Homeless people have problems accessing everyday basic needs such as shelter, proper jobs, and adequate food. It is essential to have a good place to sleep in all seasons of the year, find a job, and a source of income to access food resources. However, this finding contradicted the results of Fathi et al. regarding the need of homeless youth for a suitable place to sleep. They described the preservation of a distinct identity and the inefficiency of homeless shelters as the main reasons homeless people were not using homeless shelters in Tehran [32]. This finding was consistent with the results of other studies. The shelter is important in preventing death and illness on the street, motivating them to return to the community, increasing life expectancy, and social participation among clients [2]. The role of adequate shelter is vital in preventing homelessness, but financial support and employment are important factors in shortening the period of homelessness [1, 3, 6, 26]. However, limitations in this area have made homeless people become waste pickers and beggars. They also find their food by salvaging reusable materials, which causes malnutrition and various diseases. Studies have shown that the purchase rate of less healthy food was higher than that of healthy food. Regardless of nutrient density, homelessness reduced the likelihood of purchasing most nutritional food [33].


Difficulty in determining the inclusion criteria was among the problems and limitations in this study. They had no birth certificate or national ID card, so we had to accept their self-declaration. It was also challenging to determine the accurate number of homeless people because of differences in the definition of homelessness. In addition, access to these people was difficult due to the uncertainty of their sleeping place and their dispersion. It was challenging to find them and gain their trust for an interview, and they were willing to cooperate only in case of receiving material incentives. Their different waking hours from the general population was another limitation of the study, so we interviewed them in the evenings for easier access. The majority of interviews were conducted after eight pm. There were limited studies conducted on homeless youth, especially limited qualitative and quantitative studies on the needs of homeless people, so we had limitations in comparing the results with similar studies. One of the most important factors in trustworthiness is how participants are selected. Although we tried selecting participants of different genders and ages with different experiences, the maximum variation may not be completely fulfilled. Other studies with participants with more different characteristics are needed. Transferability is another important factor in the trustworthiness of the study. To facilitate the achievement of this factor, a clear description of the culture and context of the study, the characteristics of the participants, and the process of data collection and analysis is needed. Although we explained the participants' characteristics and the study procedure in detail, the finding of the present study cannot be generalized to other communities, and the finding could be transferred only to communities with a similar culture.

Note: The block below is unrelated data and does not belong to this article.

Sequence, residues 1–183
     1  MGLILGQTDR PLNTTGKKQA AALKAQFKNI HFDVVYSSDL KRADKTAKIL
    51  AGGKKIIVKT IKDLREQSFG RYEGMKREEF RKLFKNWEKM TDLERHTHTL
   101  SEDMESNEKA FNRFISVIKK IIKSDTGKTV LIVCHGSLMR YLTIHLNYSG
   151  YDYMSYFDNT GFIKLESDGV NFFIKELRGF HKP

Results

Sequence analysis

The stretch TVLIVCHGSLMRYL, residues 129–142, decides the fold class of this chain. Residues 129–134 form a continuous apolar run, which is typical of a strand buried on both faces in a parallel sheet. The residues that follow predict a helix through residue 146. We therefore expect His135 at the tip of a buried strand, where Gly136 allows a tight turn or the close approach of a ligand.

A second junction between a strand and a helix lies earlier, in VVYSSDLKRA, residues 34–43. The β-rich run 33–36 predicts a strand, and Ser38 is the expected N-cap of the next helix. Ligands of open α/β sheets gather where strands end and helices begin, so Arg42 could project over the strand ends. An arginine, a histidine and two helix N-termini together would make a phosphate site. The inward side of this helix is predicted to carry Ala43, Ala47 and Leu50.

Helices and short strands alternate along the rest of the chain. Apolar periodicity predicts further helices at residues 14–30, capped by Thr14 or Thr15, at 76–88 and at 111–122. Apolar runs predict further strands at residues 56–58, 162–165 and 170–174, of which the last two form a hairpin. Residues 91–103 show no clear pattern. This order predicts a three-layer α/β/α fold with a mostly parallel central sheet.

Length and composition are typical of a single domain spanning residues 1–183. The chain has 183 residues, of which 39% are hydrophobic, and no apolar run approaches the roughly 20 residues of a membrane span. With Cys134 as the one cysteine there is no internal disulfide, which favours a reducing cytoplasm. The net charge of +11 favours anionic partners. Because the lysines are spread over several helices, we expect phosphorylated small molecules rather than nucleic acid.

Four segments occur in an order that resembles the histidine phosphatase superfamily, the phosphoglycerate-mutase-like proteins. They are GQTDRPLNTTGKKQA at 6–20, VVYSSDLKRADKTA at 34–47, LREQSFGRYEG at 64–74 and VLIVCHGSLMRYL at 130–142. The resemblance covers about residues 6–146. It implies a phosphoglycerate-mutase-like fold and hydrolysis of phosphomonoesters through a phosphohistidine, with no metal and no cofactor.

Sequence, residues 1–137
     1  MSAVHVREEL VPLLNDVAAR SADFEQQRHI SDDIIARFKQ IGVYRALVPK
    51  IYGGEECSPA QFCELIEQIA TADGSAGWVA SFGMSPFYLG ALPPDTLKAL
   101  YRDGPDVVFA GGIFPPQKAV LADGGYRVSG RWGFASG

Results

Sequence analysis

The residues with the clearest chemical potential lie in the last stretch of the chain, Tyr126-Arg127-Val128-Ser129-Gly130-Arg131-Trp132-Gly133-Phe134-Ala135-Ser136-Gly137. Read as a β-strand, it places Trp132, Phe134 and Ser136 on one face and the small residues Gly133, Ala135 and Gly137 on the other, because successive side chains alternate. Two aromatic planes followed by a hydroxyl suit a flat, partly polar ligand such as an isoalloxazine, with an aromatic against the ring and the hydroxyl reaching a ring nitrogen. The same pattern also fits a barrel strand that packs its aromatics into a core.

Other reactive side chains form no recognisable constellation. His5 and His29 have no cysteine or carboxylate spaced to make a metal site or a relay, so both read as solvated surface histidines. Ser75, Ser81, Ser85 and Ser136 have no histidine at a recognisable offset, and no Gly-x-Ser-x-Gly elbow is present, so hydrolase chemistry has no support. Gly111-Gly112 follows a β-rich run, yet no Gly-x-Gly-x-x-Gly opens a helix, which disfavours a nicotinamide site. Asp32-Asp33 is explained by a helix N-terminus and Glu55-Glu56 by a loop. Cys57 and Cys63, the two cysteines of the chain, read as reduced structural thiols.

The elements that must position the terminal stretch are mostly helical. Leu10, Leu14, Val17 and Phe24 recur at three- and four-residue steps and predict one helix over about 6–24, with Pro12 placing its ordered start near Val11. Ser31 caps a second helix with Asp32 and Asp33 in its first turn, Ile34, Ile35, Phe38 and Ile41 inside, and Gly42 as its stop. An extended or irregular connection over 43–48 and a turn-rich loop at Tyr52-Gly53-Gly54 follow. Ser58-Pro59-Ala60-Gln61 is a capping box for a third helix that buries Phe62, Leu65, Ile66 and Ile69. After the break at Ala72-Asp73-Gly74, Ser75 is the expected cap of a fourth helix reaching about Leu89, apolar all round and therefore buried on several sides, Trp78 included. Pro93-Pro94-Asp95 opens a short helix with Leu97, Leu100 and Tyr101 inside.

The results of this qualitative study among homeless people showed that these participants, who are in avoidance of/by society due to their circumstances, have lost all their support and have been subjected to various forms of harassment. In addition to the need for facilities and planning to achieve appropriate living conditions, these people should be respected, less stigmatized, and discriminated against. Favorable conditions should be created for their returns to life. It seems that family conflicts are significant to prevent homelessness of young adults. Therefore, policymakers and executives should identify the problems and needs of homeless youth and take action to address them. It can also direct the activities and services provided for this group currently or in the future and predispose them to quantitative studies. Therefore, researchers can examine the different dimensions of each of the identified cases in different age and sex groups and offer new solutions to solve this social problem. It is suggested that the experiences of homeless people in other populations be examined to further generalize the results in future studies.

Availability of data and materials

The interviews are in Persian. On request, the written interviews are available from the corresponding author (


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The authors would like to thank the participants in this study and the Ministry of Health and Medical Education (MOHME) for their financial support.

Authors' information